Mars - Known Facts

About Mars, what scientific facts are known including trivia about the orbit, surface, and more.


Known Facts: The rotational axis of Mars is tilted with respect to its orbital plane at just about the same angle as the earth's is. This gives the red planet seasons, although they are twice as long as those on the earth because the Martian orbital period is nearly two years. Telescopic observation shows prominent white polar caps in each hemisphere becoming larger and smaller with these seasons. Changes in surface color and intensity, once thought to be growing and declining vegetation, are attributed to the redistribution of surface dust by seasonally varying winds.

The successful series of space missions to Mars, culminating in the two Viking landers in 1976, have made the planet nearly as familiar to us as the moon. The atmosphere is mostly carbon dioxide, with small quantities of nitrogen, argon, and oxygen and traces of several other gases. Total atmospheric pressure is less than 1% of the earth's, too low for water to exist as a liquid. But large amounts of water are available as ice at the Martian north pole, and there is sufficient water vapor in the atmosphere at times to form ice clouds or fog. Dust storms occur on a grand scale, occasionally blanketing the entire planet; evidence of wind erosion and sedimentation is everywhere.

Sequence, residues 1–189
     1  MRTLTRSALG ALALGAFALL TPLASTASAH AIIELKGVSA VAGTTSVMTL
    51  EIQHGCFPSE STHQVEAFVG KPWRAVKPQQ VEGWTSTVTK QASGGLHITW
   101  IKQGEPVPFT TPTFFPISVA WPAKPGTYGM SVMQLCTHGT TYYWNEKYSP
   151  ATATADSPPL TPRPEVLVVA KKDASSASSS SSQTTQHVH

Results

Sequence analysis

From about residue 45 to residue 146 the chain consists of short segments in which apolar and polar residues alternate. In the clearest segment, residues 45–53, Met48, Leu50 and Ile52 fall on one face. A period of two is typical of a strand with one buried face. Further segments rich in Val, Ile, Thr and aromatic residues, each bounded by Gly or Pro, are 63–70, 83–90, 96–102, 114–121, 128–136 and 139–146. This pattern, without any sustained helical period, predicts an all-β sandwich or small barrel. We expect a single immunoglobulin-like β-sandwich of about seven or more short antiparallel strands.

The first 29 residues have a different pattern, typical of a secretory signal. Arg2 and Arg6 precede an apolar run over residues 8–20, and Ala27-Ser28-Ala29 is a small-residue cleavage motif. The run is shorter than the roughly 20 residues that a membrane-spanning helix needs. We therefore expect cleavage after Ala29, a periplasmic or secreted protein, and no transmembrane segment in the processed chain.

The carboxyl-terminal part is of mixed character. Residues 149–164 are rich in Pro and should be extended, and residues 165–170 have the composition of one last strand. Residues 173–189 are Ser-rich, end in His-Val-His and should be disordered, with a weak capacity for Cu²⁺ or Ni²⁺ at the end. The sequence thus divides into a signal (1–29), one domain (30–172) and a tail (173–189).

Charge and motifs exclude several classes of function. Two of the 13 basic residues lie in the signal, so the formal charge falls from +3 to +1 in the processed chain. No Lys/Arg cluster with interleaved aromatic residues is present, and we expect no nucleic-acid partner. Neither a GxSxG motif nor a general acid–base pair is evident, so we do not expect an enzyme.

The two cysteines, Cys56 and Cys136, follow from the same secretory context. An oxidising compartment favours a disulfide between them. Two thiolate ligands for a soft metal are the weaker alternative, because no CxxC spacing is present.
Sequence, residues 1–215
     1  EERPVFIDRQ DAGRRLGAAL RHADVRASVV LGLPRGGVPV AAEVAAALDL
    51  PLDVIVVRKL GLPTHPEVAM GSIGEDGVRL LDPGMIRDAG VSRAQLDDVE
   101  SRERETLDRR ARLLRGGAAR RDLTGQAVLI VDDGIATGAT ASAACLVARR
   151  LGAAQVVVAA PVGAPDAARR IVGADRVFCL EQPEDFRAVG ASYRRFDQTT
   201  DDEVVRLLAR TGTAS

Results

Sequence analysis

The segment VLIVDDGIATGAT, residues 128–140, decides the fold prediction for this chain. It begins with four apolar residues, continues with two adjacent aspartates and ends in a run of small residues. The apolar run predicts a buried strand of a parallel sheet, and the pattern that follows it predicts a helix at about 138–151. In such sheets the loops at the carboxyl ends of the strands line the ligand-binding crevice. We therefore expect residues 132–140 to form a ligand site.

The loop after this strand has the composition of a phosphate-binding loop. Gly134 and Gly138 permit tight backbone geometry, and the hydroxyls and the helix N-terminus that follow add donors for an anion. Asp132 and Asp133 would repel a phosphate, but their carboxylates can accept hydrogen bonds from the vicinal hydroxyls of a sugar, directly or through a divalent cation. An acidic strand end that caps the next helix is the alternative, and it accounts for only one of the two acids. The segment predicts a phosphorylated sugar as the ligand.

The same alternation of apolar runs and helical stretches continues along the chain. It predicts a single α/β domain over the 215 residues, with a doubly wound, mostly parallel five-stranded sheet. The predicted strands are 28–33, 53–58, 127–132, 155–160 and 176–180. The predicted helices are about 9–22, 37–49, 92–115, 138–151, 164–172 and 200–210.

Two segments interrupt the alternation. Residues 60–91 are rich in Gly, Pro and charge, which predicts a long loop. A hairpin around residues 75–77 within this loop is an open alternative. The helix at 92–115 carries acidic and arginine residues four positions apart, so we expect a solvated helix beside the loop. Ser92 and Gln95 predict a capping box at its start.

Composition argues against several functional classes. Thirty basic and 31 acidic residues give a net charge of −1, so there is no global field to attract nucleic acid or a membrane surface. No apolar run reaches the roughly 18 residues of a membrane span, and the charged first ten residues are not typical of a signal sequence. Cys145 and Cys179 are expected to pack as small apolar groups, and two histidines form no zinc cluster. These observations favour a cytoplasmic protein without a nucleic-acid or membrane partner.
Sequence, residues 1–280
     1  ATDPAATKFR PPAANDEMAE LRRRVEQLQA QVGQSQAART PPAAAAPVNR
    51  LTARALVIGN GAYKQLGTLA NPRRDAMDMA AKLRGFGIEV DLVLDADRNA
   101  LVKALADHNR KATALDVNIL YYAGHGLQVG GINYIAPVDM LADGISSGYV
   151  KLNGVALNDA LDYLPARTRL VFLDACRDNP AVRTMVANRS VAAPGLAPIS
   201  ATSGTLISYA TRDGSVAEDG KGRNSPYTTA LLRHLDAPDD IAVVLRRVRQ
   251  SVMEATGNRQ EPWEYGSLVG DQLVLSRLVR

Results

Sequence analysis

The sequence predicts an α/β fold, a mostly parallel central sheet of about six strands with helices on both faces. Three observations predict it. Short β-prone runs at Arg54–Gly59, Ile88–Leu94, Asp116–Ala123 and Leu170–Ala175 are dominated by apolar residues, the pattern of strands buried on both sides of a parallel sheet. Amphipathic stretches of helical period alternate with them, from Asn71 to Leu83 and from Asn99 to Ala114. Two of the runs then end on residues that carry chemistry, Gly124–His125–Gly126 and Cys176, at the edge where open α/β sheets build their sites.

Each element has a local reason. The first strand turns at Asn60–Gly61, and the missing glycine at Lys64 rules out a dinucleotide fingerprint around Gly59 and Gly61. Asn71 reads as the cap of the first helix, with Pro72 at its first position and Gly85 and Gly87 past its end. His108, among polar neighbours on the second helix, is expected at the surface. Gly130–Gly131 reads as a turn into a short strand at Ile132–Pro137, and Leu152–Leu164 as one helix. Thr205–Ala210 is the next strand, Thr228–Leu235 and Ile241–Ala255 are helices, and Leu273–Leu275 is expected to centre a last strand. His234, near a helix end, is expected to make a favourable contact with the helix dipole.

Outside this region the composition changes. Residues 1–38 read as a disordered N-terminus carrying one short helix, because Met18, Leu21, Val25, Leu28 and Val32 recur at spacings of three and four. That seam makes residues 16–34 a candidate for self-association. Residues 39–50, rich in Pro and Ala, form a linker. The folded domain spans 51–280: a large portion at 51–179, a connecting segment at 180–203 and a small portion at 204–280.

Mountain ranges are virtually absent on Mars, yet there are volcanoes five times larger than any on Earth and an impressive canyon that stretches more than 2,000 mi. One hemisphere is heavily cratered and the other is mostly a vast plain, from which rise the largest volcanoes. The planet seems to be in an intermediate state of geological activity, somewhere between that of the moon, which has long been dead, and that of the earth, which is in a state of continual agitation. Analysis of surface material by the Viking landers showed large amounts of iron and silicon and significant amounts of aluminum, calcium, sulfur, and magnesium, all of which are common on Earth.

Mars has two tiny moons, both with highly cratered surfaces indicating great age and suggesting that they were captured by the planet's gravitational field as they wandered through the solar system. Phobos, orbiting less than 4,000 mi. from the planet's surface, is about 13 mi. across at its greatest dimension. Deimos is about half as large and orbits at approximately 12,000 mi.

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